I once believed that our movement could win this fight in a few short months if we mobilized sufficient force against the Pacifica Board. We had a window of opportunity to reach a negotiated settlement in early June, after the resignations of David Acosta and Karolyn van Putten. But that window closed quickly once Bessie Wash and her top managers seized control of the situation and hired new lawyers and a new public relations firm.
We are now headed for a long, difficult and debilitating fight. But our prospects for victory are still good. First of all, the listener boycott campaign we launched in February continues to gain strength. From all reports we have, the Pacifica network is in dire financial straits. Throughout the network, unpaid bills are mounting up, legal expenses are skyrocketing, and revenues are plummeting. At some stations, the health insurance premiums of staff members have not been paid. So the pressure remains strong on the board to negotiate a settlement before the costly process of legal depositions and an actual trial begins.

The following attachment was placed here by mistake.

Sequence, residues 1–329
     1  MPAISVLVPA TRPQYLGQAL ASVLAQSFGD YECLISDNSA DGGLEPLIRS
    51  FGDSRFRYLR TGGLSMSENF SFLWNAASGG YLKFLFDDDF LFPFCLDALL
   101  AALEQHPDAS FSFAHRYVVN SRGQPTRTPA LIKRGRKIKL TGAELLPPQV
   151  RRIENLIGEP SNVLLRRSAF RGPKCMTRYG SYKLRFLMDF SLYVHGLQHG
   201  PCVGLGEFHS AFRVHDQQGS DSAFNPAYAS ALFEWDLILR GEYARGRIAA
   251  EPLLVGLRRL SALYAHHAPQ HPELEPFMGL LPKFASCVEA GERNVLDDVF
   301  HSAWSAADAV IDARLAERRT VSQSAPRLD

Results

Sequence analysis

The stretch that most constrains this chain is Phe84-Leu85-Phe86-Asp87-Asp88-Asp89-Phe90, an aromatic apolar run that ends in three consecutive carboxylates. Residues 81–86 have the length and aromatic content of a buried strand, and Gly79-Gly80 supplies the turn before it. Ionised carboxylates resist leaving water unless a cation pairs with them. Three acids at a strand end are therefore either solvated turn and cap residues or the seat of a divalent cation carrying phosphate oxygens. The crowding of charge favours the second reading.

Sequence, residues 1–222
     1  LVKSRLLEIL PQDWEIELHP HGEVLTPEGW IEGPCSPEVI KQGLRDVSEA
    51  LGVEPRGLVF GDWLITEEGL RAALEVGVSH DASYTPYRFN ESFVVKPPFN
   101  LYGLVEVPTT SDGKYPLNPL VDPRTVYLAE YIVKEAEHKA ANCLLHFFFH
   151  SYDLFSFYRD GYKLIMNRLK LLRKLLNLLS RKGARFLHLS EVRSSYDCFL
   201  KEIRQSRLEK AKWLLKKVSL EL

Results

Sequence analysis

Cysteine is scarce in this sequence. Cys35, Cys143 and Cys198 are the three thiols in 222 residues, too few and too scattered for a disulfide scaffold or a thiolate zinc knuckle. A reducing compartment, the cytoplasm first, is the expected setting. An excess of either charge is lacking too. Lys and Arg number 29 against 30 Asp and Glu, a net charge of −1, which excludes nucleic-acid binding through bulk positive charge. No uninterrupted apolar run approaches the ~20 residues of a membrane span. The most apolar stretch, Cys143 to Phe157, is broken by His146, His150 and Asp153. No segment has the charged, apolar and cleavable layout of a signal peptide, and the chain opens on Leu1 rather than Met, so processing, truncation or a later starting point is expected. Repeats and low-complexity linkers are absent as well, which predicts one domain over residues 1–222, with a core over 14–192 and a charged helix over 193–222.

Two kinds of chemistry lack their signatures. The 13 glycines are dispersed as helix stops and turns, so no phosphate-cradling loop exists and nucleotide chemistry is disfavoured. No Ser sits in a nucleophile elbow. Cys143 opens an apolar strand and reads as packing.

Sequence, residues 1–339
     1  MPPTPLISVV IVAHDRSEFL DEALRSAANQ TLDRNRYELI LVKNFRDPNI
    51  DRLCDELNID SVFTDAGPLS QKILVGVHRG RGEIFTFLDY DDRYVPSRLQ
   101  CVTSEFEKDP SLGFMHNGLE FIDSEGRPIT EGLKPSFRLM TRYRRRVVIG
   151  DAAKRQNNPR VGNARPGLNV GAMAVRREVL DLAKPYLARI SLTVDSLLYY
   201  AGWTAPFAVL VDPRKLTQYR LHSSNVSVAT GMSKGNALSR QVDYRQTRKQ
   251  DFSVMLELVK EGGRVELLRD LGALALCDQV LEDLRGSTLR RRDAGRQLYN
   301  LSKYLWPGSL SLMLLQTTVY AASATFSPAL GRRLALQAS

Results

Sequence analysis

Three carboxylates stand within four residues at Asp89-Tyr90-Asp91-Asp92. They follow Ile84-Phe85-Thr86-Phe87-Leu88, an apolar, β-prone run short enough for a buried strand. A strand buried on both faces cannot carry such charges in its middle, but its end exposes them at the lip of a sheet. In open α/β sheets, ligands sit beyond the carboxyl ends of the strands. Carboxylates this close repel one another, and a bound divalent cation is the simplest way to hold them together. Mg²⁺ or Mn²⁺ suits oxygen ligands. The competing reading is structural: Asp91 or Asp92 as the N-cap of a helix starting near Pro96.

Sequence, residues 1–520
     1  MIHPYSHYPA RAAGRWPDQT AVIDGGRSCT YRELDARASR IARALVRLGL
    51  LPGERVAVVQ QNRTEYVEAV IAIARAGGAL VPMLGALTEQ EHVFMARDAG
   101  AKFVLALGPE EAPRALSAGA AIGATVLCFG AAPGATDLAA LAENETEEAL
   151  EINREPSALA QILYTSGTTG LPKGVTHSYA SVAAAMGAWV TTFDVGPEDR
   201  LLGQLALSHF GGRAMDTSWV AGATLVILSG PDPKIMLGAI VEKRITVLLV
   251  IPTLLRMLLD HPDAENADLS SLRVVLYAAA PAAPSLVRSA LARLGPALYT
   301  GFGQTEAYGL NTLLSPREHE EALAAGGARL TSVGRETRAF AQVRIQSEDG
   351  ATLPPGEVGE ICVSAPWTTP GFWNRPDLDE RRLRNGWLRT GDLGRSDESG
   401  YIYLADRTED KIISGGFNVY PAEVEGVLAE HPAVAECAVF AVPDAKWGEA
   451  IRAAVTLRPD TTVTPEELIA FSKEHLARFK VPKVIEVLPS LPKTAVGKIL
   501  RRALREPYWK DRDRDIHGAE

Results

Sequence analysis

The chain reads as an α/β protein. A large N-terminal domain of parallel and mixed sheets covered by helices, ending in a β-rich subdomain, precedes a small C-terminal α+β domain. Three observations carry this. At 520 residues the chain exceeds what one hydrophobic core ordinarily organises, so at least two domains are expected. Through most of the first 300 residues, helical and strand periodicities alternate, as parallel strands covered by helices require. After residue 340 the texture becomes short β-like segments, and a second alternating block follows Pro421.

So the first thing we must do is revitalize and expand the listener boycott beginning in early October. Now that Democracy Now! has been driven from Pacifica everywhere except at KPFA, we must redouble that boycott effort. And we must keep up the campaign of individual direct action pressure on the board, but especially on those new officers of the board who have been put in charge of the current situation -- Chair Bob Farrell, Vice-Chair Ken Ford, Treasurer Wendell Johns, and Secretary John Murdock.